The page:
We’ve touched on this already, but for your job ad to be successful, it needs to have an accurate location included so that you maximise your position on Google.
Make the most of the inbuilt SEO of your site
We’ve written countless articles on how to present jobs well for search engines, and writing well-formed descriptions and job titles following simple rules is an area worth investing your time in.  
What is the impact for recruitment agencies?
We’re inclined to say that voice search is unlikely to replace text search, but it’s worth making sure that you’re optimising the opportunity.

Voice activated search has become a fast growing trend and there is the potential that the upward trend could go downwards at some point. So, our advice would be to keep a watching brief on it, utilise voice activated search if you can, but don’t forget going back to basics by following some of the tips in this blog.

We’d also say that some of the voice activated software can bring about results that are dubious in terms of quality.  Our team had a bit of fun recently playing around with different devices and seeing what came up:
Dave Bancroft - Managing Director
Dave asked Siri (on Mac OS) to “Find me a project manager job in London.”

Siri didn’t find any matching positions.

He also asked Siri to find a project manager vacancy in London. Again, he didn’t get any matches.

Dave also asked Alexa Dot (via iOS App):

Find me a project manager job in London

“Bong” - nothing

Find me an IT recruitment agency in London

Alexa reads these out on the Dot, and displays them in the app.  Misheard as “ITV”. Results are poor!
Dave Haygarth - Operations Director
Dave tested Google Assistant via the Android app. His results varied:

“Find me a job in marketing in Blackburn” got good results as a job type and a location was included, but the results showed up trainee, executive and manager level roles.

His next search was “Find me a job in Digital Marketing” which was more specific, but wouldn’t be useful unless you were looking nationally.

“Find me a job” was a very vague search and resulted in Ad based posts only.

Are you using voice-activated search in your recruitment agency? What results are you finding? We’d love to hear from you - put your comments in the blog and we can do a follow up with some insight from the sector.

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Make sure your recruitment website gets you more clients in 2020

By Peter Morrow   January 23, 2020  

We've written a blog about how your recruitment website can help your business to grow in 2020, with a very strong focus on ways to reach and attract your candidates. Your recruitment website is also a brilliant business development tool. We’ve got 9 ways that your recruitment website can help start more conversations with potential clients.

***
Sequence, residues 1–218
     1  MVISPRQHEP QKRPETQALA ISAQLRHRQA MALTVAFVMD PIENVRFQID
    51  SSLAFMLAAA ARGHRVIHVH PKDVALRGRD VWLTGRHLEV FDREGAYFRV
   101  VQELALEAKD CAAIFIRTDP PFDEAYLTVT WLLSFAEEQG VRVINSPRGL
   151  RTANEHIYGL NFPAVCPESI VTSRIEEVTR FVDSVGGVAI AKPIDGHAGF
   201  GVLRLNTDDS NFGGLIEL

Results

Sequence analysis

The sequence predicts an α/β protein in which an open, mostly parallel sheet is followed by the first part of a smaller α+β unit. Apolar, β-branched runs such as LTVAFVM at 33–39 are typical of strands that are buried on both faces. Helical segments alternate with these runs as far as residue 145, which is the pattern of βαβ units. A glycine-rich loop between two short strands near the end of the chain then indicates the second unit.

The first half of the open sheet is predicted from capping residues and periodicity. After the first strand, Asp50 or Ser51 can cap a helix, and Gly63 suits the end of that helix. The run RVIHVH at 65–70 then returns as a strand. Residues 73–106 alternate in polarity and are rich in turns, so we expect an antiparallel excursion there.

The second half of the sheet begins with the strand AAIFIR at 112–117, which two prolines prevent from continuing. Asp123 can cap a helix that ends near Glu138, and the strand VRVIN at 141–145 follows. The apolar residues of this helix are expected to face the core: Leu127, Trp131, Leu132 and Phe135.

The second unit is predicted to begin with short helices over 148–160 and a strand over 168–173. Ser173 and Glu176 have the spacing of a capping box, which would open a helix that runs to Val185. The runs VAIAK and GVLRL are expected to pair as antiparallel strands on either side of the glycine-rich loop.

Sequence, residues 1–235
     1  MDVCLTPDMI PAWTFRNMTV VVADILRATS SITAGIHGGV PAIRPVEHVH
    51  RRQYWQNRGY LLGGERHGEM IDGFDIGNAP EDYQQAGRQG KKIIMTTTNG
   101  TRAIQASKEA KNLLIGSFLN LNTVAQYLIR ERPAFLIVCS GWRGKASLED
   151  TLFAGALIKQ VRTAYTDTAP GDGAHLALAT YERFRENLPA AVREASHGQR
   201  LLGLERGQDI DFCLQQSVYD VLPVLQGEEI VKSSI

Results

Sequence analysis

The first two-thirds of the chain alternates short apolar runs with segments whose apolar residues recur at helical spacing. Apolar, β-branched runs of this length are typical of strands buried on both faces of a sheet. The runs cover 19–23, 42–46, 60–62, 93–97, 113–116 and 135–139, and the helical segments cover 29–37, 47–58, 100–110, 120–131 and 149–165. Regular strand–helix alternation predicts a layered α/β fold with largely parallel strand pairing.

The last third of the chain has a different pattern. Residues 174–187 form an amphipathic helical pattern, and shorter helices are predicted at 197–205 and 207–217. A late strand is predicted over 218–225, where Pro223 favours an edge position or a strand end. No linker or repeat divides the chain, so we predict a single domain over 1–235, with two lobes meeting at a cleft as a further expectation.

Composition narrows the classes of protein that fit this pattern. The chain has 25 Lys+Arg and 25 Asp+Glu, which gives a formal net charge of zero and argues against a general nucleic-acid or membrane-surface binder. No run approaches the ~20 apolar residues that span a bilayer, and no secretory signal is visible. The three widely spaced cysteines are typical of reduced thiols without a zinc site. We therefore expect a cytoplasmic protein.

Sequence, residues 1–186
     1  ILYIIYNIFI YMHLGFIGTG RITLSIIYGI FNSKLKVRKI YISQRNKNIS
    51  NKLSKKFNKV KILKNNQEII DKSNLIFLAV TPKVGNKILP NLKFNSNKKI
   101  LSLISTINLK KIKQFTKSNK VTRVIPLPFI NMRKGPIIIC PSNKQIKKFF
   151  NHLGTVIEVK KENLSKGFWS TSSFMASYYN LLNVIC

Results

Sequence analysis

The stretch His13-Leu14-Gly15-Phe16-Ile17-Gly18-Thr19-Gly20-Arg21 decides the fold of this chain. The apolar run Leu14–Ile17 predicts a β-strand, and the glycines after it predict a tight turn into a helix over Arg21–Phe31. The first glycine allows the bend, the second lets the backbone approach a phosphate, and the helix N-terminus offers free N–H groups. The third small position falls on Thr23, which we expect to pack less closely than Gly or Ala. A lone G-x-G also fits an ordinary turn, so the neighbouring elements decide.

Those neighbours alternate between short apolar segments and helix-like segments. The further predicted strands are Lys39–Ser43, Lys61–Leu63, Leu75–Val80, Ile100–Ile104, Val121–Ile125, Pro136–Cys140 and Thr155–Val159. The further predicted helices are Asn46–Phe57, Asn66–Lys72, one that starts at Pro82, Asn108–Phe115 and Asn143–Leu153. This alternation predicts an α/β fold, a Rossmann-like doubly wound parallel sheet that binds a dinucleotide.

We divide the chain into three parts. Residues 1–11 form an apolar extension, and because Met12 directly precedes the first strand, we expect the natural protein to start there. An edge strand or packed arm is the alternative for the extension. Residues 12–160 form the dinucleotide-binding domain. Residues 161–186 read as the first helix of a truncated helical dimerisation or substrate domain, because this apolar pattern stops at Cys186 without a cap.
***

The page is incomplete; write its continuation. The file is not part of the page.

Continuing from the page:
Do you answer your client’s questions?

The client wants to know how you can add value to their business, so make sure your content is focussed on their problems and how you can solve them. By default, talking about your clients will give you lots of sector-specific keywords, which will help your website to perform well on search engines.

Can your client find the information they need easily?

Putting some thought into the design of your recruitment website will make sure you are getting the right message to your client easily. The aim of a website is to allow a client to find out enough about you to make them want to get in touch with you. Don’t go in to so much detail that they switch off! A clear design with a sitemap for your clients is a great way to start. Make sure you answer their questions and provide clear links (and articles/blog posts) so that you can explain key issues in more detail.

Play your blog content to attract clients.

Be consistent by offering value-adding blogs that are topical and relevant to your target audience. If you’re lucky enough to be a creative writer or have someone on the team who can do this then create a process, otherwise delegate it externally. Reverse Delta now offers content marketing and social media packages designed for recruiters and this is a great way of making sure you put content out regularly. Every time you think of a good blog, record it and be clear what the key message is. Create a pipeline of future blogs and aim to have 3 to 6 months of ideas for articles to be written.

Link your blog to your social media.

And make sure you ask your colleagues to do the same. The audience is potentially free, and if your content is good, you’re being of value to the reader. Great!

Support a struggling sector.

If you have a sector that’s struggling to gain traction amongst your many stronger specialisms on your main website then it might be worth breaking it out into its own website and gain the benefit of building the right content and links around it. A pecialist website will perform best for Google and it will improve your reputation and your brand. Our FXRecruiter software can allow you to operate two or more websites under a single CMS, so it’s easy to manage but will perform better.

Offer to showcase your client’s brand.

A recruitment microsite will support you with your client’s recruitment campaign as you can direct candidats to a separate, branded microsite just for their jobs, which could be a great selling point for you as an agency. Managed entirely within FXRecruiter, client microsites equip you to create powerful and engaging jobs websites focused on your client with total control over set-up and editing, adding logos, video, images and other content.

Show them your candidates!

Offer clients a look at your talent through a talent board. Showcase your candidates to your clients with anonymous profiles and beat your competitors to fill their vacancies.

Put the control in your client’s hands.

Equip clients to post new jobs and manage live ones, search candidates, create new candidate alerts and review applications, by having a client portal. Offer employers with in-house recruitment teams an added-value service, while keeping your internal costs low.